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Electric field

In physics, an electric field is the effect produced by the existence of an electric charge, such as an electron, ion, or proton, in the volume of space or medium that surrounds it.

Mathematical definition

The definition of the electric field is developed as follows. Coulomb's Law gives the force between two point charges:

<math>
\mathbf{F} = \frac{q_1 q_2}{4 \pi \epsilon_0 \left|\mathbf{r}\right|^2}\mathbf{\hat r} </math>

This was known empirically (note - the equation is given for SI units). Suppose we take one of the charges to be fixed, and the other one to be a moveable "test object". We note that according to this equation, the force on the test object is proportional to its charge. We define the electric field to be the proportionality constant between charge and force:

<math>
\mathbf{F} = q\mathbf{E} </math>

<math>
\mathbf{E} = \frac{q} {4\pi\epsilon_0 \left|\mathbf{r}\right|^2}\mathbf{\hat r} </math>

Hence, electric field is dependent on position. A field, in this context, means a vector which is dependent on another vector - a vector valued vector function.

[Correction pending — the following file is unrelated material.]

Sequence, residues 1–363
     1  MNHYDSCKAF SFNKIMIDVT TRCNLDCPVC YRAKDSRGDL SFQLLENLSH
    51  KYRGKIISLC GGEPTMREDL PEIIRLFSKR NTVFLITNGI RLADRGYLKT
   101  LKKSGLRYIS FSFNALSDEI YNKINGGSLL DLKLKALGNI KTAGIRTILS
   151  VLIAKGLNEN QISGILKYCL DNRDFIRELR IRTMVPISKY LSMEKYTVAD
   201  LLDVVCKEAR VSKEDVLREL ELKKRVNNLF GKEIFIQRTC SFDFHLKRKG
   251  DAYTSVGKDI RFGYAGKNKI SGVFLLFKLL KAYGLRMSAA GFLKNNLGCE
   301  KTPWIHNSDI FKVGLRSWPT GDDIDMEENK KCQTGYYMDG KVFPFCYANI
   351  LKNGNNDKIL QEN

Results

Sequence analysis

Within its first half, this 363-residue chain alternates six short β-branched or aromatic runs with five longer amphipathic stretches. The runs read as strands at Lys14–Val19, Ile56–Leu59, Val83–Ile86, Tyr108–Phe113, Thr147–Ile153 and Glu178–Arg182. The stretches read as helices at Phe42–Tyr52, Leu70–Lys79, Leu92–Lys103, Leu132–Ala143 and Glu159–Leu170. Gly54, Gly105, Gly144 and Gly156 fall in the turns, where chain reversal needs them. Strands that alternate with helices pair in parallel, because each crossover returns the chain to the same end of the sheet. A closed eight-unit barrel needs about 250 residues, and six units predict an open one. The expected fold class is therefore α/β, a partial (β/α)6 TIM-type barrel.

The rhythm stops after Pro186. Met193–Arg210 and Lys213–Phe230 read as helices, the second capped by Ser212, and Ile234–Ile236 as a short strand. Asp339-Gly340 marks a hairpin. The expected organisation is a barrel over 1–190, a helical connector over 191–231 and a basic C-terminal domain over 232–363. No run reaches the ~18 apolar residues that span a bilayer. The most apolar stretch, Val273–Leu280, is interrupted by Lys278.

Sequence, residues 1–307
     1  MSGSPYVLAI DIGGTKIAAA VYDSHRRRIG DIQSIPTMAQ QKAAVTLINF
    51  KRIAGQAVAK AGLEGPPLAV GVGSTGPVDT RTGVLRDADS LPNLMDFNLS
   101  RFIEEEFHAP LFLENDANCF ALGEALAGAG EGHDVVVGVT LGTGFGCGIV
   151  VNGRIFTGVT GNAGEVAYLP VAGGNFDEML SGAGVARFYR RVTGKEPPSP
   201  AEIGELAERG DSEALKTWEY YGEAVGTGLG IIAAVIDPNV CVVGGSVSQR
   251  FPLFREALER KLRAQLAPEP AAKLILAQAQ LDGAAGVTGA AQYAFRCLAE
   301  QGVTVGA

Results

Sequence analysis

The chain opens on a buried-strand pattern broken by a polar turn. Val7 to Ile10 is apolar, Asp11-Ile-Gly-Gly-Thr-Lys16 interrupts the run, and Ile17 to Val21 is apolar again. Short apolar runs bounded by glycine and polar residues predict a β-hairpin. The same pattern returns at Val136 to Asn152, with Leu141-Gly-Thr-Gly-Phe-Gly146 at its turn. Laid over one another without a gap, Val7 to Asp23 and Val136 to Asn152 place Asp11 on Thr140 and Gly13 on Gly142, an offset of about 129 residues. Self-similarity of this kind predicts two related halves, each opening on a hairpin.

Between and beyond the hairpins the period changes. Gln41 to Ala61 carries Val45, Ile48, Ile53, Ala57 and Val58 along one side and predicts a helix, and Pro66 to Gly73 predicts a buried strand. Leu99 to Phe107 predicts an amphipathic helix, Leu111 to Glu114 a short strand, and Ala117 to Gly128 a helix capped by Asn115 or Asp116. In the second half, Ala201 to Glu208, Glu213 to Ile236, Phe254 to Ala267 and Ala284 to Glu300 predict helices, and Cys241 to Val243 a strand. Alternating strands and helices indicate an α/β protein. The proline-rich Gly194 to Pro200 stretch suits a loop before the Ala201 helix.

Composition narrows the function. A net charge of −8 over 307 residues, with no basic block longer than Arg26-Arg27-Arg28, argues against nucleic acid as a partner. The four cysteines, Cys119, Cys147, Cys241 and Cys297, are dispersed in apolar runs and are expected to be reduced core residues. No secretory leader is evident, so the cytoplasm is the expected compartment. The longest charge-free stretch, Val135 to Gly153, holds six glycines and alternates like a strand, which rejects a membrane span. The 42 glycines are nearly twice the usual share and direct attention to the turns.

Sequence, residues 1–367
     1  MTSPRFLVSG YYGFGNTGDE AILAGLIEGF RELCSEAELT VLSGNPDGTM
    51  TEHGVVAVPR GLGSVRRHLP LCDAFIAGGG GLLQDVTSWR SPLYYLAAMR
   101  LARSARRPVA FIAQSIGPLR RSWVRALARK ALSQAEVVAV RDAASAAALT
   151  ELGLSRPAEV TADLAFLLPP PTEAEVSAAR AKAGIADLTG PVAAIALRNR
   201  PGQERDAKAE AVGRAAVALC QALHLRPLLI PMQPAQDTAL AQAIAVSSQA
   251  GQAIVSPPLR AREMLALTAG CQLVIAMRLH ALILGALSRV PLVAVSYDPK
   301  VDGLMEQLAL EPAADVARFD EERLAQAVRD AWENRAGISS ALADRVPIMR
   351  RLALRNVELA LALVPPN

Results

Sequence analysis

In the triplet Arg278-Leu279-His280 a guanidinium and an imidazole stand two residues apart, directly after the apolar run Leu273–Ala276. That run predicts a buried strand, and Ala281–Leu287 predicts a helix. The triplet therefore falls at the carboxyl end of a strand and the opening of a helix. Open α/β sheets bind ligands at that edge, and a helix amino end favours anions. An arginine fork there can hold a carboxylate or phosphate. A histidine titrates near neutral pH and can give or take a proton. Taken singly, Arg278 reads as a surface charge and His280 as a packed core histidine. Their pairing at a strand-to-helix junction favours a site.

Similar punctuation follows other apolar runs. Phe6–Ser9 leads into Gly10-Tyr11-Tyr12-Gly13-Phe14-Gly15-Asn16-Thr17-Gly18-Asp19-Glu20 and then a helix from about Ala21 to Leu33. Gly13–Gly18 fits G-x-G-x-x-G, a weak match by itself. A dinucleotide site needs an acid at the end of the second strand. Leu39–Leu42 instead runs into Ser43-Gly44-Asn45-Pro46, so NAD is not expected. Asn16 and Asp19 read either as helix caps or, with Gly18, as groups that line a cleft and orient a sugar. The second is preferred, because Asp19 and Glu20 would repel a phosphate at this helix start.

Another empirically known fact was that in the presence of a more complicated fixed object, the electric forces from the constituent charges can simply be added together. Hence, the electric field due to a composite object becomes

Etot = E1 + E2 + E3 + ...

where E1, E2, etc. are the electric field due to individual charges making up the object. This is what is meant when it is said that the electric field is "linear". For a continuous distribution of charge (rather than discrete points), we can define the electric field to be:

<math>
\mathbf{E} = \int\frac{\rho} {4\pi\epsilon_0 \left|\mathbf{r}\right|^2}\mathbf{\hat r}\,d^{3}\mathbf{r} </math>

where ρ is the charge density - i.e. charge per unit volume.

See Maxwell's equations for the full set of equations governing electric fields.

See also electromagnetism, magnetism



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